London — The Rolling Stones, scheduled to start their first post-Altamont tour on May 8th with a sweep through Europe, have changed plans and are going to stay home until September.
"We're doing such a huge number," says a Rolling Stone spokesman, "that we couldn't get it together in time. When you have to move 20 tons of equipment, it's a question of very complex logistics."
On their American tour the group employed 12 equipment men. On the European gig now scheduled to begin in early September, it's anticipated there will be 15 equipment men, a surrounding party of at least 15 people and in each city 15 people will have to be recruited locally to set up equipment.
"We're going to take eight or nine weeks," says the spokesman, "we're not going to kill ourselves rushing through."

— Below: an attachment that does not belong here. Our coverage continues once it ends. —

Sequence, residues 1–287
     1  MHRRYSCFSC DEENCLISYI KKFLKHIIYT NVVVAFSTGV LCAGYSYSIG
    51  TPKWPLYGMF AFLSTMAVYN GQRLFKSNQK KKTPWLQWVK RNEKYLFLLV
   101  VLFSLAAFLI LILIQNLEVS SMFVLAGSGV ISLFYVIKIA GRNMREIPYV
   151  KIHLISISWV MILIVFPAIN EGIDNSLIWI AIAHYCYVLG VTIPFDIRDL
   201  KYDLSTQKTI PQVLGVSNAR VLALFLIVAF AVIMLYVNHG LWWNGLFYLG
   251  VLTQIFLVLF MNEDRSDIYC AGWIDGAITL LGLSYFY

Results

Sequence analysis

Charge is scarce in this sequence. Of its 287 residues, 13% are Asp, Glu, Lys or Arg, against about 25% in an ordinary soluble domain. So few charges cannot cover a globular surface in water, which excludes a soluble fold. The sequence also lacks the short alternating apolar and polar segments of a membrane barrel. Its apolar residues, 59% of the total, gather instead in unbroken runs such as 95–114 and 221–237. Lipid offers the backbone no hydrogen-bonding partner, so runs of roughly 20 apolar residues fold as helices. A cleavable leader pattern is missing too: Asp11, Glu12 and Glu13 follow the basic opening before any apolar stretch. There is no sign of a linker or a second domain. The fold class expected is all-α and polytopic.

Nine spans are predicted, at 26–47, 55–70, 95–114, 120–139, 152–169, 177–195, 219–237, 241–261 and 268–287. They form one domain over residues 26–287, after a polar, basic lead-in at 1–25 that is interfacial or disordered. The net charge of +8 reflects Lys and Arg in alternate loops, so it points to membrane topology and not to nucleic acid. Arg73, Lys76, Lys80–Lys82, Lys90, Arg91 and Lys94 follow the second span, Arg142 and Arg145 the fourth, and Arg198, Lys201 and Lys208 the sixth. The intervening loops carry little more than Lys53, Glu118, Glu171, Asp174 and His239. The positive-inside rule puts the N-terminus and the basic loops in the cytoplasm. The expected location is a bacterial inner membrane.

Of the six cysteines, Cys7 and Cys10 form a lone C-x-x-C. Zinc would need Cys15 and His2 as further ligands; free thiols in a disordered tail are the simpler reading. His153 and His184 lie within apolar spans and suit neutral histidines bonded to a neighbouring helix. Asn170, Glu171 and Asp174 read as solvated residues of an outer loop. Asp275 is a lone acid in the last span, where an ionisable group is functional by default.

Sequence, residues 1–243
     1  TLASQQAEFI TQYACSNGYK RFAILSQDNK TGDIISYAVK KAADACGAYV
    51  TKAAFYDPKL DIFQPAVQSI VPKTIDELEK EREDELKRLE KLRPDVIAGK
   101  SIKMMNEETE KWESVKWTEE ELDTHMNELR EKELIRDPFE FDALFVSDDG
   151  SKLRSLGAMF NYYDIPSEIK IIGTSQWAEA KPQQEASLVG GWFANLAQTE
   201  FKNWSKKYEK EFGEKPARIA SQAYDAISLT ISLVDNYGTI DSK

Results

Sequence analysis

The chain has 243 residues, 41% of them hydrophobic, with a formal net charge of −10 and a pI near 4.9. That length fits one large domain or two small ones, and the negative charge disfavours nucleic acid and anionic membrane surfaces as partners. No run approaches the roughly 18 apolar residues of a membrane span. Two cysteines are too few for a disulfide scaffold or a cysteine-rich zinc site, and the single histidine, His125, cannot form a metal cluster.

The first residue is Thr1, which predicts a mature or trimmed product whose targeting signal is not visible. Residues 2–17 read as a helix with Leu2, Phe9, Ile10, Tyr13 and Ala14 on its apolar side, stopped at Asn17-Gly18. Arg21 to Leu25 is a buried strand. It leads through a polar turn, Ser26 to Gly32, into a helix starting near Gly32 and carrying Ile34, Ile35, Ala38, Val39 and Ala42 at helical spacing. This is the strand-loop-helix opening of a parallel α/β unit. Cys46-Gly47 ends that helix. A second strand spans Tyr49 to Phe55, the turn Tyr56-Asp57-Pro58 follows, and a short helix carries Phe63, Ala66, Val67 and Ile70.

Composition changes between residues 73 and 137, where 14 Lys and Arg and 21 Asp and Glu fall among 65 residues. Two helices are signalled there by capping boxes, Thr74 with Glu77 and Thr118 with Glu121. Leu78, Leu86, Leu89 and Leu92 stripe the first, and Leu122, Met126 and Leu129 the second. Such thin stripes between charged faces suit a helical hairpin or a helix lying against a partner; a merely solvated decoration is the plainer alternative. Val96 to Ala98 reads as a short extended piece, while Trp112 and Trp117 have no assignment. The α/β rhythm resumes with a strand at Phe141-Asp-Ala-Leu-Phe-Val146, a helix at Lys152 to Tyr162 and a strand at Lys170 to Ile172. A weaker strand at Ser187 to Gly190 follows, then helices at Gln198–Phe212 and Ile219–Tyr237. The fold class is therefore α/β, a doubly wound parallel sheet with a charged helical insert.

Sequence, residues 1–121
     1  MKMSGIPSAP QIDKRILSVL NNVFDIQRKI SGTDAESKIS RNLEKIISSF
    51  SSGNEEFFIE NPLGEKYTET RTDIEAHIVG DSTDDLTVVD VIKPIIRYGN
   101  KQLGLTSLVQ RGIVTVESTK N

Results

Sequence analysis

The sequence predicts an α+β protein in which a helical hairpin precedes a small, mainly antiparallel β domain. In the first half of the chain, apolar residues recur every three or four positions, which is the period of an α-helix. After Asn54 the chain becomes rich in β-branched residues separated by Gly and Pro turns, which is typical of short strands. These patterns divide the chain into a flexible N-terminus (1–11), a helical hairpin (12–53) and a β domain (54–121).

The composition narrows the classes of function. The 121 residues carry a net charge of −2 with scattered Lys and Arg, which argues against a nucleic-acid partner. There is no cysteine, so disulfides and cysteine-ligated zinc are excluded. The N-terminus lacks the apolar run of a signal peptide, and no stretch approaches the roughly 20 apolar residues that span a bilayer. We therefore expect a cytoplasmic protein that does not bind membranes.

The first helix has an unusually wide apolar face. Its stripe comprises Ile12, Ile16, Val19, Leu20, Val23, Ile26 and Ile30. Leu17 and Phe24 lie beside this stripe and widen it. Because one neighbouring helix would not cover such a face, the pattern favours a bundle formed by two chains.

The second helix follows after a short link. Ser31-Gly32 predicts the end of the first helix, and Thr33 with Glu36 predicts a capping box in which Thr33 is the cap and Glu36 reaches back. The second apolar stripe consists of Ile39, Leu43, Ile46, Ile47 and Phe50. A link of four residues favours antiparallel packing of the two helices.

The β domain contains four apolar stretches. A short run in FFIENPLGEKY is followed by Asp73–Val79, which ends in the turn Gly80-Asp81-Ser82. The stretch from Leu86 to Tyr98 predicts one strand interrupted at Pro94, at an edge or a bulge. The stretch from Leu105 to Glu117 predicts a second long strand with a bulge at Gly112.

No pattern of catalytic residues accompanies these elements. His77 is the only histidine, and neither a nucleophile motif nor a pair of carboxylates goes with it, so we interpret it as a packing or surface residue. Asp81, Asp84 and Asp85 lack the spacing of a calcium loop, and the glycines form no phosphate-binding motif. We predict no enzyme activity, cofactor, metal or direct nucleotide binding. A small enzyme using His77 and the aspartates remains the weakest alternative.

Still on the Fall agenda are stops in the Hague, Rotterdam, Vienna, Munich, Zurich, Berlin, Hamburg, Essen, Copenhagen, Gothenburg, Stockholm and Helsinki.
Also holding the Stones to home ground for the while is work that began on a new album of new songs just before Easter. The need to negotiate with a record company to distribute that album and those that follow it was an added factor in the group's decision to stay put.
This is a story from the April 30, 1970 issue of Rolling Stone.
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